Judy was to become covertly aggressive against me, as well. Shortly thereafter, Judith started to send me checks. She told me that Melodie Scott was selling the house and she wanted me to hire a lawyer to contest this. The $2700 was purportedly for an attorney retainer.
The first check came in without the amount written in. Puzzled by this, I contacted the bank which confirmed that such a check was nonnegotiable. Judy promptly issued a second check. She was so insistent that I only cash it at a particular branch that I became suspicious. I contacted the bank, asking about that check number. Judith, it turns out, had reported the check stolen. I have attached copies of these two checks, slightly tattered by time.
Bye bye mama, then bye bye sister. And Judith would have gotten all the money in the estate.
Melodie Scott came under scrutiny by the California Professional Fiduciaries Bureau and her license was, for a period of time, contested. She finally achieved licensure in late 2010 but by that time my Trust had achieved a new trustee—Riverside County.
After a stint working as a reporter at The American’s Bulletin in Oregon I left the US. I was soon offered a job teaching journalism in Canada. The Canadian government denied my work visa and I came to Mexico.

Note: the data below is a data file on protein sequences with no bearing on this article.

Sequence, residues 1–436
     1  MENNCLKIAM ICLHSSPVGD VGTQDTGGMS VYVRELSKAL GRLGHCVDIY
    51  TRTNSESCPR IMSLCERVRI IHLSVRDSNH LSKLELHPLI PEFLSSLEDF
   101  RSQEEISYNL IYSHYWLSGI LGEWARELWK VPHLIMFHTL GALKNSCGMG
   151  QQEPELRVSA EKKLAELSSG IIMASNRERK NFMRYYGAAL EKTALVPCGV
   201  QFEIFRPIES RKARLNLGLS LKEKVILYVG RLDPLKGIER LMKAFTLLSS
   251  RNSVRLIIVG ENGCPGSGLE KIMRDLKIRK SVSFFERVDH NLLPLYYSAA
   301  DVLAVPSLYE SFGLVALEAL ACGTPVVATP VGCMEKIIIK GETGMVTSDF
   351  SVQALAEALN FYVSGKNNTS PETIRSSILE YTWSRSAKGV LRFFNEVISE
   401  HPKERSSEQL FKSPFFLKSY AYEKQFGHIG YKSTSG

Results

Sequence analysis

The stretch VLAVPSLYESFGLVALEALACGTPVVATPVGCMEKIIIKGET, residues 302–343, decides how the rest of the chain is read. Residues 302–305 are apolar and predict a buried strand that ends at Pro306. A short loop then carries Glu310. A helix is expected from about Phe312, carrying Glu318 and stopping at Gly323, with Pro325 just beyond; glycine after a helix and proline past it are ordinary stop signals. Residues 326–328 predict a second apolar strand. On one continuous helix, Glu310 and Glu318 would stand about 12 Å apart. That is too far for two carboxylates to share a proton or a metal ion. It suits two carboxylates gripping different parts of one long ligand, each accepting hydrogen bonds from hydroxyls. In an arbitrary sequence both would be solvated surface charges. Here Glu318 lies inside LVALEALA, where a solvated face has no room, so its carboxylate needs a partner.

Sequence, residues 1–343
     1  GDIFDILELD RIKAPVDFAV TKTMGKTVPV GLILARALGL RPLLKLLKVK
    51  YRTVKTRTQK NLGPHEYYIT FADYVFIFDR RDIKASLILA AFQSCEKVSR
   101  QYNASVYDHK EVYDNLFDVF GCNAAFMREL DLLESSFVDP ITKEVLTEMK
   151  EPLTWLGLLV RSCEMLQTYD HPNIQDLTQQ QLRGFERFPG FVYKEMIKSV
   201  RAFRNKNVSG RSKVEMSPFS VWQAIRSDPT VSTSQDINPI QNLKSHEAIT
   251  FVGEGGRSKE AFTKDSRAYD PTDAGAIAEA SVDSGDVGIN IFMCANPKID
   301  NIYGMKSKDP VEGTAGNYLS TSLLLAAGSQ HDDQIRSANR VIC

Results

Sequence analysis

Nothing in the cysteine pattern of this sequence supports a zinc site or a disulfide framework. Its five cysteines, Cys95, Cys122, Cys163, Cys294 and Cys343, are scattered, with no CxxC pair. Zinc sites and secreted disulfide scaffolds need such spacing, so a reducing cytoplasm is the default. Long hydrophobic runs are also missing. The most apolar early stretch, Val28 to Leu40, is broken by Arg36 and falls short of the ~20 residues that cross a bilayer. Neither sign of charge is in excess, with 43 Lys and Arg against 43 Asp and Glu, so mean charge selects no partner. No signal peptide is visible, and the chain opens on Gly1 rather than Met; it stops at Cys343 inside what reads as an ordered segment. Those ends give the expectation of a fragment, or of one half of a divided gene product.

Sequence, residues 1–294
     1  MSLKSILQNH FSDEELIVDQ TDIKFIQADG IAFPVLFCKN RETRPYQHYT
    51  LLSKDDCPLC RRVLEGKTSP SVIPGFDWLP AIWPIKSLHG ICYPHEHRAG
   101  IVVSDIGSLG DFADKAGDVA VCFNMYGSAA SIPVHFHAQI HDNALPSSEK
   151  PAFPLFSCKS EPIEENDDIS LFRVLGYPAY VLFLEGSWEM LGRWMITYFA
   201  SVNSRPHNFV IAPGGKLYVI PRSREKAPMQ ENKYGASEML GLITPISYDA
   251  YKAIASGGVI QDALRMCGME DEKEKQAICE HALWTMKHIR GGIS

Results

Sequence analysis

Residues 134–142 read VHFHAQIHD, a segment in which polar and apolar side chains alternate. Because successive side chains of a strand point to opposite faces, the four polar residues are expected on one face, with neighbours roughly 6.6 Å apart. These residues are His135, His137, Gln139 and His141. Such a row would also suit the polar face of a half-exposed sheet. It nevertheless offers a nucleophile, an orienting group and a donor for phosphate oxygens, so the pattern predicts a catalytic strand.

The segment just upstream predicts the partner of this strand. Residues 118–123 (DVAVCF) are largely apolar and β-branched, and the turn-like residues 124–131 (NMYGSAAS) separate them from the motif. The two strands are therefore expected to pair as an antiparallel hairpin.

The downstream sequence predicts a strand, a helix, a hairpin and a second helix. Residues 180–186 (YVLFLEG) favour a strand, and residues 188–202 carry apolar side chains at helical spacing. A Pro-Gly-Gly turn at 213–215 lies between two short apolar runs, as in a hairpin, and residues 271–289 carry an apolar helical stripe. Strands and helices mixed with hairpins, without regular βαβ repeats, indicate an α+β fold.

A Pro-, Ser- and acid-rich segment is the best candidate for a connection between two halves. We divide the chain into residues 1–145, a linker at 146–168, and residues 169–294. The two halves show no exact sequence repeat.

I also filed a lawsuit against Scott. Three judges were consecutively and hastily removed from the case after I researched and reported on their suspicious loan history–Commissioner McCoy, Judge Sharon Waters and Judge Gary Tranbarger. The suit was ultimately dismissed in a hearing which was not legally noticed. Judge Stephen Cunnison came back from retirement to ensure the demise of my suit and in his now emblematic manner, he issued another legally void order. When I discovered that “Hangin’ Judge” Cunnison was back on the case, I tried to have him removed. In his response he stated that I should have kicked him off a long while back. Actually, I had tried to back in 2002 but he had refused to step down.